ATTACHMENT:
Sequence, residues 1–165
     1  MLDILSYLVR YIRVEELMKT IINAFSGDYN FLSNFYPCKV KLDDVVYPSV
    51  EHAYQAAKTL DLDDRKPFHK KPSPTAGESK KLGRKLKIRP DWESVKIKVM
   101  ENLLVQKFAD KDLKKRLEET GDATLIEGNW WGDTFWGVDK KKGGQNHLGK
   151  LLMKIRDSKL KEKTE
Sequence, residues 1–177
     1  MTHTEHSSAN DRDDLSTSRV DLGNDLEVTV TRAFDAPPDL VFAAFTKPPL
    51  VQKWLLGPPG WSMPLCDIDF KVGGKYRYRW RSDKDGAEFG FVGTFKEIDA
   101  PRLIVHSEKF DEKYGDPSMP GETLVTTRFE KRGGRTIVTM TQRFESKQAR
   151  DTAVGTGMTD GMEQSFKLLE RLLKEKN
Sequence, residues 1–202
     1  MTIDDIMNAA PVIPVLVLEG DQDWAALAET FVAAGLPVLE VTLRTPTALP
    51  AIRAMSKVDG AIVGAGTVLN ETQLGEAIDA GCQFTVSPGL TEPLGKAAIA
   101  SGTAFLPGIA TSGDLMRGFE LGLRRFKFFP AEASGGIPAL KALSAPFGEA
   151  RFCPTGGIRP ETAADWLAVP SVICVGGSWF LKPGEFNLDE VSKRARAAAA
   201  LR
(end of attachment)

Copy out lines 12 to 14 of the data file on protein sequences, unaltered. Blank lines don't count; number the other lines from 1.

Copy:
     1  MTIDDIMNAA PVIPVLVLEG DQDWAALAET FVAAGLPVLE VTLRTPTALP
    51  AIRAMSKVDG AIVGAGTVLN ETQLGEAIDA GCQFTVSPGL TEPLGKAAIA
   101  SGTAFLPGIA TSGDLMRGFE LGLRRFKFFP AEASGGIPAL KALSAPFGEA